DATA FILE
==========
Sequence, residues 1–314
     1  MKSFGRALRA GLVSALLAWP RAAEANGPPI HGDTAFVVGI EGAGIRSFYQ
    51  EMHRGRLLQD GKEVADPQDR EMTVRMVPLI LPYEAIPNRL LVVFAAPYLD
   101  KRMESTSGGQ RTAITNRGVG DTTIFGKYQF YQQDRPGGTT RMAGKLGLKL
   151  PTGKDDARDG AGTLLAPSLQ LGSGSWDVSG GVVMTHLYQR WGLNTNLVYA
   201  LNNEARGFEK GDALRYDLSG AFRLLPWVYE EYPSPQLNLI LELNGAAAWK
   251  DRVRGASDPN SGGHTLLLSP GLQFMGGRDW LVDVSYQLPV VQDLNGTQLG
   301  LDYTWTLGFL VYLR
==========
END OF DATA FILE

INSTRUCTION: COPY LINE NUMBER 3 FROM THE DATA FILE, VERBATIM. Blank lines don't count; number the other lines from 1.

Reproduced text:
    51  EMHRGRLLQD GKEVADPQDR EMTVRMVPLI LPYEAIPNRL LVVFAAPYLD